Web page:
ome Thoughts as well on the Beginnings of a North American Magical Realism.
Tell all the Truth but tell it slant--
Success in Circuit lies
Too bright for our infirm Delight
The Truth's superb surprise
As Lightning to the Children eased
With explanation kind
The Truth must dazzle gradually
Or every man be blind--
"In seeking to find what is the heart of the day, we come to the quality of the moment... It is the depth at which we live, and not all the surface extension, that is important."--Ralph Waldo Emerson
"Always do right--this will gratify some and astonish the rest."--Mark Twain
"I work from awkwardness. By that I mean I don't like to arrange things. If I stand in front of something, instead of arranging it, I arrange myself."--Diane Arbus
Andalusian Dog attempts to forge a new narrative in which simile and metaphor are welcomed as equals to the real moment. They are made into something as tangible as the real, and not left to languish as simply nice language. There is no shorthand here. A doorbell sounding like someone concocting a mixed drink is a doorbell that is someone concocting a mixed drink. The "like" is excised, and the moment blossoms. A hand fallen asleep that feels like ants crawling around inside becomes a hand with ants crawling around inside. Language means something, and association is real, not simply casual.
The film is, finally, a recorded poem, and the narrative flow is lateral rather than linear. Metaphor and simile are real parts of the narrative, and the plot makes time and space for them.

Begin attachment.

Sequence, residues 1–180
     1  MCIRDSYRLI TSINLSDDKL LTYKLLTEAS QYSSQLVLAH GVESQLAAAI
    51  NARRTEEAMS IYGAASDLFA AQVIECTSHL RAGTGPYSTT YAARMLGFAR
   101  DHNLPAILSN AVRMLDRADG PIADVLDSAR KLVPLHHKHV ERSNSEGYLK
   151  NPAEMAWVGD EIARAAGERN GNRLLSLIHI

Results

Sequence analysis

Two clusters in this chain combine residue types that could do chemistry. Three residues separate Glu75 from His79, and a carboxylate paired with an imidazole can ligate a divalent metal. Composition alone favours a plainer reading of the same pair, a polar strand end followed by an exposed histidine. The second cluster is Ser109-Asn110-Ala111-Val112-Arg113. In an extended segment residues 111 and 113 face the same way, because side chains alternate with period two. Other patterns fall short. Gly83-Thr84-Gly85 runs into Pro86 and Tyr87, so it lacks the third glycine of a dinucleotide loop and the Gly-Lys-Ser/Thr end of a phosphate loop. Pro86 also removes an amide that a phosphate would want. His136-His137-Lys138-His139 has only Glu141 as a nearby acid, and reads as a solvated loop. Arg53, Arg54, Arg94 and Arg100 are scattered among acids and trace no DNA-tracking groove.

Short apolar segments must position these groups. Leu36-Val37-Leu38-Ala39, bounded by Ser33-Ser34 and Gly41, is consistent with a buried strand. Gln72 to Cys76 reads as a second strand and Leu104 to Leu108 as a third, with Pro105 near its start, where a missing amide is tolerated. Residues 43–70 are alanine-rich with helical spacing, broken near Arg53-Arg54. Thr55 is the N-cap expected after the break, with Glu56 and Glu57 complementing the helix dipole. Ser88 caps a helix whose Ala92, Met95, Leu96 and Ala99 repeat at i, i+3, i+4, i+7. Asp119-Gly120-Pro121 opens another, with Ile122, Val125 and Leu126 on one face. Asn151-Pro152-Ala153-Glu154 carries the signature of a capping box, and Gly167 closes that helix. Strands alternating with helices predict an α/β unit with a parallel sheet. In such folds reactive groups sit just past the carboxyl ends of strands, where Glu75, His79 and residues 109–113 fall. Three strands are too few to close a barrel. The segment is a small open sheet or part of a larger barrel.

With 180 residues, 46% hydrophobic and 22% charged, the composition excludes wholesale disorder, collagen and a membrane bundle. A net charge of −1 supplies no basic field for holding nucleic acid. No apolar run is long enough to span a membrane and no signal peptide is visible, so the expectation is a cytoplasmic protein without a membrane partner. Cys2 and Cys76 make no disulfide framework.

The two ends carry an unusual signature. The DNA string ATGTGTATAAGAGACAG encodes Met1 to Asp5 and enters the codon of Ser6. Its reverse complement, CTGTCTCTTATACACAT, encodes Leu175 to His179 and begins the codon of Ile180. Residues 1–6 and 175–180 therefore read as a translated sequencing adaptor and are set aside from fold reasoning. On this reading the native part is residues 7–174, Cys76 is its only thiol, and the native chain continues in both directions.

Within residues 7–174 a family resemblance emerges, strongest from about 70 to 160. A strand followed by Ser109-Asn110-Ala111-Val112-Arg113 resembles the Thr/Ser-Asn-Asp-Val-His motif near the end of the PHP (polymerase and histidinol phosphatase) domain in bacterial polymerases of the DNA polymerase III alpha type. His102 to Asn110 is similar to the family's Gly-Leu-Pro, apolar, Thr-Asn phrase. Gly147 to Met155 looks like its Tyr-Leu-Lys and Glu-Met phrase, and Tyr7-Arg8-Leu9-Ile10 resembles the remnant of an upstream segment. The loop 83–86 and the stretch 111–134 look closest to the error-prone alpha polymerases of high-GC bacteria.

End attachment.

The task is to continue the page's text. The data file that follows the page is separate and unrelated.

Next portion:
Soluble Fish does something much the same, but from a more immediate vantage point. Rather than simile and metaphor, the working trigger or thorn here is the part of speech itself--the adjective, the adverb. Here they are not subservient to the nouns, but equals. Here they demand their own moment. They are, as a result, more communal--they are equals--or less communal, in that they will not do the necessary work of the sentence and paragraph.
In Soluble Fish, consider the following:
1. The text overwhelms the reader with images, rendering the reader insensate. However, this is a freeing act, and a better and higher purpose of literature than the traditional narrative, which keeps the reader within the text, within that limited understanding, trapped.
2. Life and death are fixed poles, but existence is elsewhere.
3. Thought cannot be wrong.
4. Soluble Fish requires a new approach to reading--underscoring the poor logic of thinking, as we do, that there is only one way to read. The aggregate of imagery is a more honest representation of the day, of experience, a more accurate journalism, than the kinds of traditional narrative with which we have grown comfortable.
5. The reaction we form as we read this work may be more a reflection of us than of the text. The text may be new; we are something else. We are trained, and in that way are limited.
6. How can we exclude dream in the every day representation of our world when indeed it is part of what we do.
7. The juxtaposition of dissimilars produces an electrical spark, a reaction, a piece of being alive.